Gunsmithing: It requires wearing many hatsWORTHINGTON — Some parents speed many hours on the road following their children’s athletic events.
By: Scott Rall, Worthington Daily Globe
WORTHINGTON — Some parents speed many hours on the road following their children’s athletic events.
Some require a ton of travel, and others — much less.
With two grown kids, there is no more high school stuff to fill the evenings with, so I decided to travel out to Lakewood, Col. to see the school that my son is attending. My wife Kris and I jumped on the Harley Davidson motorcycle and logged 2,400 miles on this trek.
Brandon ended his Marine Corps enlistment in May 2008. He is now attending the oldest gunsmith school in the US.
It is called the Colorado School of Trades. It has been in continual existence since 1947. About 160 students are enrolled; 12 graduate and another dozen start every month. The program is a continuous, 14-month system, and students are allowed a set number of absence hours during that period.
The talent of a gunsmith is hard to describe. They are part machinist, part carpenter and part watchmaker, along with many other skills.
When we drove up to the school, I was kind of puzzled. The building looked like an old warehouse on the outside. I guess if you house hundreds of guns, it might be good to not draw attention to yourself. I visited on a Friday afternoon and the place was almost empty. There were about five staff members and 10 students working at different stations.
The program is broken into distinct sections, each one building on the one before. The first section is called “Basics.” This is where a future gunsmith learns the operation of and how to manufacture many of the fundamental hand tools needed in the trade. This section is 250 hours. An additional 100 hours are spent in cycle operations where every type of gun action is broken down and studied until its operation is completely understood.
The second section is called “Machine Shop.” For 400 hours, the student hones the skills necessary to chamber and thread gun barrels. There were 26 machine lathes and six machine mills in that part of the shop. I never knew all of the things that you could do on a machine lathe.
“Stock making” is the next section, and 350 hours are needed to manufacture custom stocks — both wood and synthetic. This is where the cabinet-making skills come in. I was able to see stocks in all phases of completion, and the fit and finish work was truly amazing.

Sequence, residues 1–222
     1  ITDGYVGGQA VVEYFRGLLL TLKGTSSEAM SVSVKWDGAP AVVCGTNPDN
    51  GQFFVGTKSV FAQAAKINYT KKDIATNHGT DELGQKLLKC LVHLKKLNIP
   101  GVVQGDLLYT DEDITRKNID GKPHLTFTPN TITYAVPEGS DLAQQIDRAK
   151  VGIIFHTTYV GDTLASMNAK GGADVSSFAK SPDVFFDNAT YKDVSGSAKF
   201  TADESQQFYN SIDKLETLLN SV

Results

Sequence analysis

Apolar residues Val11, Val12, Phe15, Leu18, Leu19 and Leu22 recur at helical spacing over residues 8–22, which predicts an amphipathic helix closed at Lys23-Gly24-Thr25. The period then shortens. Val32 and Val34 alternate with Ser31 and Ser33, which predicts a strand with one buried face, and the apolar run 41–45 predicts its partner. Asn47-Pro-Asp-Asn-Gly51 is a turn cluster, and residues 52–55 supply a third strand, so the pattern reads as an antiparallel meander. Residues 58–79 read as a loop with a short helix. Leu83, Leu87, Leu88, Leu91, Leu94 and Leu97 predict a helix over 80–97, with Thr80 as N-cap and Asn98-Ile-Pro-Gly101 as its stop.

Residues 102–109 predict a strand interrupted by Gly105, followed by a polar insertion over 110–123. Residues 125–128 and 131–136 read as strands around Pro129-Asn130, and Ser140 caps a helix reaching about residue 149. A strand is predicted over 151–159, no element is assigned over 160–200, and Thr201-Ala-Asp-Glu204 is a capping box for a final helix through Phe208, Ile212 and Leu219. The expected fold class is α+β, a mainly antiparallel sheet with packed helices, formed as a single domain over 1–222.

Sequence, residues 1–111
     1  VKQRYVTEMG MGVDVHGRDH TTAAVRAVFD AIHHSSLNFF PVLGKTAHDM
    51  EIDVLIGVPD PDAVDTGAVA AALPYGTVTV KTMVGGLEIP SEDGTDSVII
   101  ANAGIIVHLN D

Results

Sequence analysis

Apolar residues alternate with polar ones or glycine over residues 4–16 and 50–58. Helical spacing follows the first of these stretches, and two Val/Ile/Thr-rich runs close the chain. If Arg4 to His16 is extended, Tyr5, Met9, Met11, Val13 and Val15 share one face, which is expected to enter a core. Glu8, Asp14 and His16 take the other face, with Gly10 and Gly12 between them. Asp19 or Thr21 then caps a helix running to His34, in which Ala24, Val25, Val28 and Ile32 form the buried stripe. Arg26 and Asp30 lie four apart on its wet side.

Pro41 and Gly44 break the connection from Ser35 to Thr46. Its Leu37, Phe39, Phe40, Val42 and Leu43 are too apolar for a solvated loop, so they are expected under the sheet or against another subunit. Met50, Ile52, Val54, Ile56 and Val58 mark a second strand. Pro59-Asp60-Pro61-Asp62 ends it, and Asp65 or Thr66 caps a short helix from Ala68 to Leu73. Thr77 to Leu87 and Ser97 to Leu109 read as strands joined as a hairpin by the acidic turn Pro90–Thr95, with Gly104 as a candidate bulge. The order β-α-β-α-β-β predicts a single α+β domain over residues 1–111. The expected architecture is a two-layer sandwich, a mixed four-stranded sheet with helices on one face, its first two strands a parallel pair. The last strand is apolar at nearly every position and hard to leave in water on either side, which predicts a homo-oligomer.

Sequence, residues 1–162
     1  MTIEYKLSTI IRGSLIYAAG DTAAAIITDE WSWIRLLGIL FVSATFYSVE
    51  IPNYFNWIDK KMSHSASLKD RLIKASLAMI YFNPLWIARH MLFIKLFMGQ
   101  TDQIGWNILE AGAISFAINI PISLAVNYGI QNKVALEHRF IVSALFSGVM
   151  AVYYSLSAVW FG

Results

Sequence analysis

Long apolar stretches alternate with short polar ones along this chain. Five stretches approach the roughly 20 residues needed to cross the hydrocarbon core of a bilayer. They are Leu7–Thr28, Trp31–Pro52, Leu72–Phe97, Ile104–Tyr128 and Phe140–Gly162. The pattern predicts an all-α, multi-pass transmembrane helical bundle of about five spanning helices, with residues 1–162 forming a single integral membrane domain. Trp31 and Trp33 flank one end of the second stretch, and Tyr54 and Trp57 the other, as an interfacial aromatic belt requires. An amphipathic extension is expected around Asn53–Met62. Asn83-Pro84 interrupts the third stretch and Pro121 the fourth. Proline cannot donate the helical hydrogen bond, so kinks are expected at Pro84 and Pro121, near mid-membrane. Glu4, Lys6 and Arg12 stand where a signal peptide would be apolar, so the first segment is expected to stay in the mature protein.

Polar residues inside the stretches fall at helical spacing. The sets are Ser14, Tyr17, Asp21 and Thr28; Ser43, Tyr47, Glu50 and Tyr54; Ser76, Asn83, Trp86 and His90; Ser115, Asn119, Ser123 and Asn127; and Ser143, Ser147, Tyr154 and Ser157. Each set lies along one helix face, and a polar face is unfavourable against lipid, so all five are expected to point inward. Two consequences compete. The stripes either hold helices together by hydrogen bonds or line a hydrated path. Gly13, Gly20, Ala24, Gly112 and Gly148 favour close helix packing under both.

“Design and Function” is the next section, and this is where most of the nuts and bolts of gunsmithing are learned. This is 650 hours of on-the-job training as an actual gunsmith. Students work on customer guns under the supervision of the staff, and get the opportunity to work on all aspects of gun work. The school fixes around 3,000 to 3,500 guns every year, and this is where students get the hands-on experience they need to perform in the real world.
The last section of the program is called “Specifications,” and this is 100 hours of shop work which allows the student to work in any area that interests them. It allows shop time to pursue the specialized areas of the trade. Some will work on gun customization, others will try high-tech accuracy efforts, and the list goes on and on. Once each section is mastered, then comes the final exam — and graduation, if successful.
When you graduate from this program, you’ll most likely find a job in a Cabela’s, Gander Mountain or another big firearms outfit. Others will land in a smaller shop, or even open their own business. The dream job for many of these graduates is to work for a major gun manufacturer like Remington, Glock or Smith & Wesson.
Where Brandon ends up is anyone’s guess at this time, but as I walked around this facility I saw a group of students that really wanted to be there and was very excited about their future prospects.
If you have ever taken a gun apart, you can see that there are hundreds of parts.
Everyone knows there are thousands of different guns.
This is a skill that I have always respected, and in a few months I hope that I will join the ranks of those who can get their guns fixed for free.
It is nice to know that right someone.
Scott Rall is the Daily Globe’s outdoors columnist. His column can also be read weekly at www.dglobe.com.